It is somehow rather sad, that the different religious and racial groups thought it necessary to keep their graves in separate sections of the cemetery; that pioneers who stood shoulder to shoulder in life facing such tremendous difficulties should find it necessary to be separated in death. One of Man's oldest building materials is stone. Our early settlers constructed an enormous number of buildings from it, and also made graveyard memorials from it, The early settlers of the 1830s in Perth were able to find only sandstone and some slate for their gravestones, These rocks lay along the coastal plain,, All the older gravestones, then, are made from either the powdery, easily destroyed sandstone, or the slate which tends to split with age.
Later, after 1860 when the colonials were pushing into the heart of our State, new stone forms - red granite, quartzite, feldspar - were used for headstones. These were harder? Longer-lasting.
So we can see, merely from the type of stone of a grave, how old the grave is, and, by reference to geological maps, how far the colony had expanded, It is also worthwhile noticing that transportation of heavy stone from the inland only occurred after a substantial road had been built, and so new stone forms generally reached the cemetery about four or five years after initial exploration.
Already we have made some accurate guesses about the size, type and religion of early Perth and the extent of exploration and good transport communication in Western Australia, merely by a glance at the layout of the tombs and their construction, without studying their inscriptions.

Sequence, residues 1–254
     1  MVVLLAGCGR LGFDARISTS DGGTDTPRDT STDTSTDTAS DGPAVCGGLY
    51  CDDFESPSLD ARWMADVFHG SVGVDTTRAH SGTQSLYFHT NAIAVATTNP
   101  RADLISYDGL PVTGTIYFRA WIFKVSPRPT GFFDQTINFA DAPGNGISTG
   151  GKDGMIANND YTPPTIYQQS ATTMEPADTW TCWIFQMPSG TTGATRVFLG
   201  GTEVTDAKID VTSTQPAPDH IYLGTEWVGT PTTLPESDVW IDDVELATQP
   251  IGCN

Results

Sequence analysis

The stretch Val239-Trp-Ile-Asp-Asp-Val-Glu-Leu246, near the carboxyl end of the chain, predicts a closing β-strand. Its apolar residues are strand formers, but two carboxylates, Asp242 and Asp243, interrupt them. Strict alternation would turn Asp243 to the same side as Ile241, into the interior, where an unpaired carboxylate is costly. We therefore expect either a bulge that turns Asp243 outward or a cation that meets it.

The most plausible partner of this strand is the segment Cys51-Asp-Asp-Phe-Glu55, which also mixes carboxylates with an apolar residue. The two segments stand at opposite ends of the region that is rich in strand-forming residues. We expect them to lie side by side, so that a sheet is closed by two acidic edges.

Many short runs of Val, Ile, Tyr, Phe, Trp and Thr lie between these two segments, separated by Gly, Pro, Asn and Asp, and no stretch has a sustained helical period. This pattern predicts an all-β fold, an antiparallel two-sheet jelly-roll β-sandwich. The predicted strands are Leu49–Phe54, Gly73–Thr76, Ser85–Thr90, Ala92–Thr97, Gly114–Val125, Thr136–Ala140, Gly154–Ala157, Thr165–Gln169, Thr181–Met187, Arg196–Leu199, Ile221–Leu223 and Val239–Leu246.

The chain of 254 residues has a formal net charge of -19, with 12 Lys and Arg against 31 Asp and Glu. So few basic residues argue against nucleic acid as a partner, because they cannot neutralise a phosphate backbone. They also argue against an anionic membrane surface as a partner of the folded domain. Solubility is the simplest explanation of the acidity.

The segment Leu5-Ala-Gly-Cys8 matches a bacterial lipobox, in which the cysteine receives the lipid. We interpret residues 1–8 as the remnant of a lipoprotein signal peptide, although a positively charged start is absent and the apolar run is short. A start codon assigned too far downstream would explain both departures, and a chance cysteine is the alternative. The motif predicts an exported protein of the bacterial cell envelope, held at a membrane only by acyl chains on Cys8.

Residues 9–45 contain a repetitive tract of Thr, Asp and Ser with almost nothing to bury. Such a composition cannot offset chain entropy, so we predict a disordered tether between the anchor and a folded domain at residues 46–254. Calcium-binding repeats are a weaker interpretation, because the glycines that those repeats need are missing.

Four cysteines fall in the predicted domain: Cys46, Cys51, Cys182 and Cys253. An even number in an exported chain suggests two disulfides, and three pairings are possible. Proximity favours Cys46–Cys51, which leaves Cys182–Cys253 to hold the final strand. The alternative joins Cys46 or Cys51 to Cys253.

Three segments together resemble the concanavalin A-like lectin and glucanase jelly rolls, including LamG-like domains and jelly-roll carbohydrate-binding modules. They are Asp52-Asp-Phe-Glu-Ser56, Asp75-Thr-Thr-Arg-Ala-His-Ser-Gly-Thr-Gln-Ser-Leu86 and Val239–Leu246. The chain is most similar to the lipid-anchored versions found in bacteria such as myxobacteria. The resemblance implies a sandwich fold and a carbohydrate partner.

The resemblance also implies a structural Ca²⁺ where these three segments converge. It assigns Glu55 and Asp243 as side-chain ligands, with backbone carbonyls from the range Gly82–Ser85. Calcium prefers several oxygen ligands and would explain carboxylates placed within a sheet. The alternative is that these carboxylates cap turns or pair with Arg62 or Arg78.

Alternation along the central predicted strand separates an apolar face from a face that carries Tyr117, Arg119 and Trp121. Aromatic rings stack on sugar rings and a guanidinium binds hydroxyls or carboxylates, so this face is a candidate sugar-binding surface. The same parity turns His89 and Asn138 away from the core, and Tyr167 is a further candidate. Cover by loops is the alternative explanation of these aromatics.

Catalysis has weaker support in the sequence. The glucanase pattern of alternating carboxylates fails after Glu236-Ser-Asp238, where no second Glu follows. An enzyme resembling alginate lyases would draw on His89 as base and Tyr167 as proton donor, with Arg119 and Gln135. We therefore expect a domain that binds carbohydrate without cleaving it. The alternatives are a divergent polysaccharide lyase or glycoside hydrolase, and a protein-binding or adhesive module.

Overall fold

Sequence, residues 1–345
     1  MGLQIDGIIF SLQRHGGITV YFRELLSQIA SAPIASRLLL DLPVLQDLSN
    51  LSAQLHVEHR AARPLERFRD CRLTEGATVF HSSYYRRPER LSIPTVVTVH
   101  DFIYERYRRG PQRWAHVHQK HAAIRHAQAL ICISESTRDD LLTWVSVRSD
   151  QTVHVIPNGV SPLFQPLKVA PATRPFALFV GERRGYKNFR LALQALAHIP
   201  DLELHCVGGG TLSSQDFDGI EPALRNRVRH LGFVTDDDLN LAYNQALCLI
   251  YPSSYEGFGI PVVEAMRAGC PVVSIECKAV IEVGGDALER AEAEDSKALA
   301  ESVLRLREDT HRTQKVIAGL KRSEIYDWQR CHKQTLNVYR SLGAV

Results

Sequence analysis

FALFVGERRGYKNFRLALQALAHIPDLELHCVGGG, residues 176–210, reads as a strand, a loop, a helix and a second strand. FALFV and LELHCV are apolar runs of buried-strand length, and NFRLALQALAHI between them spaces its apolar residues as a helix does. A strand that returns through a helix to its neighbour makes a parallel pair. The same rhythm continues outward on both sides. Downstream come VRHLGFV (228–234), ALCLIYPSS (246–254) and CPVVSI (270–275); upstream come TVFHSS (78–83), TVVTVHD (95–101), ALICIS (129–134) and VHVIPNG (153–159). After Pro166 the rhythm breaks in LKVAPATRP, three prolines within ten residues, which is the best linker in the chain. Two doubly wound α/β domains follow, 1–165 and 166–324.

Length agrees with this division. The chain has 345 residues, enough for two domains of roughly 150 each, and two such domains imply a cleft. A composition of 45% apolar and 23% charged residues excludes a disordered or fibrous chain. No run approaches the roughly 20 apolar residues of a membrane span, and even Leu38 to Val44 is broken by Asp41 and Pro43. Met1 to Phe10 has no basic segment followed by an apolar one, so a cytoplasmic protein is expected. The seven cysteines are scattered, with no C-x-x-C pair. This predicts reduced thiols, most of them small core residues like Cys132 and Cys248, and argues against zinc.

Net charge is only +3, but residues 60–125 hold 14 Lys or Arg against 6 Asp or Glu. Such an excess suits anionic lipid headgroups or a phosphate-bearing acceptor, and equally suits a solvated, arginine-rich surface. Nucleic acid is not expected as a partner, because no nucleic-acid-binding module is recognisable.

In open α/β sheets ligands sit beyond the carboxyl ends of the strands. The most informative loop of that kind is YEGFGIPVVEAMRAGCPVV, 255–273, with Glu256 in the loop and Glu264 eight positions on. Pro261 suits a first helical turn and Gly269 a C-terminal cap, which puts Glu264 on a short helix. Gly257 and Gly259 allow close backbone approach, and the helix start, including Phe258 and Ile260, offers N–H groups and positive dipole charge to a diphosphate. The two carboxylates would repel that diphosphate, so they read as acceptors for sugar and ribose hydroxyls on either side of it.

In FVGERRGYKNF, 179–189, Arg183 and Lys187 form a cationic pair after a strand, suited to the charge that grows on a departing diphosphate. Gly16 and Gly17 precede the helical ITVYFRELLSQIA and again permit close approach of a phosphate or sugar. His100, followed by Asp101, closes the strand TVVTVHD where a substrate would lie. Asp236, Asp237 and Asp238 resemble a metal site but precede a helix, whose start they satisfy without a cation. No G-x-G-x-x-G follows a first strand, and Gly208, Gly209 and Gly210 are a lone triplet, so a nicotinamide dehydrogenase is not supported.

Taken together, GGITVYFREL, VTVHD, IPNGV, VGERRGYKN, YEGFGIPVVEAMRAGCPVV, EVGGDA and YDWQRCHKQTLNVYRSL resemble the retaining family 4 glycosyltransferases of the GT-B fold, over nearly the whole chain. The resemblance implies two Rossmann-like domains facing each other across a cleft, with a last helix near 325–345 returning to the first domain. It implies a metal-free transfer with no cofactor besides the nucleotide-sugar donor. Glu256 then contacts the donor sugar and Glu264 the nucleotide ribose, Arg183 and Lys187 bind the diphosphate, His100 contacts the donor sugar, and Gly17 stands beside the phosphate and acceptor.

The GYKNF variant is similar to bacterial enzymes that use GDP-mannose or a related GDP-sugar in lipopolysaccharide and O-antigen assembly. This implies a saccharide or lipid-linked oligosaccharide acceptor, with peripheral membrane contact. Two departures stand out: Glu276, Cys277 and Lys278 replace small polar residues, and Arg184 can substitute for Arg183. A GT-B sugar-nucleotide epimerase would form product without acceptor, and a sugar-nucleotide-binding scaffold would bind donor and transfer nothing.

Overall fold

From the style of gravestone, we can trace the effect of Victorian England on her colonies. The early stories cure simple rectangular oblongs with hemispherical tops. The later graves, after 1860 are more elaborate: they possess fence railings and occasionally "foot-stones". Then, after 1875 the full tide of Victorian English grandeur washed over Perth, and the tombs are incredibly varied in design and ornamentation, with pillars and caskets, and intricately carved pall clothes and urns.
The multiplication of such graves reflected the colony's growing sophistication: one British visitor in 1880 said:
"The condition of society in the whole of Western Australia was decidedly agreeable and bespoke a greater refinement than is usually to be found in new countries."
In keeping with the flourish of design in gravestones, ornaments on graves bloomed, after about 1875. Previously few carvings had enhanced the plain, stone, low artistic fervour reached a peak.
An enormous confusion of artistic expression flowered in the cemetery. Most were a standard form copied from England -clasped hands, the broken chain, the snapped flower, garlands, birds, and, of course, crosses in all the varied heraldic patterns.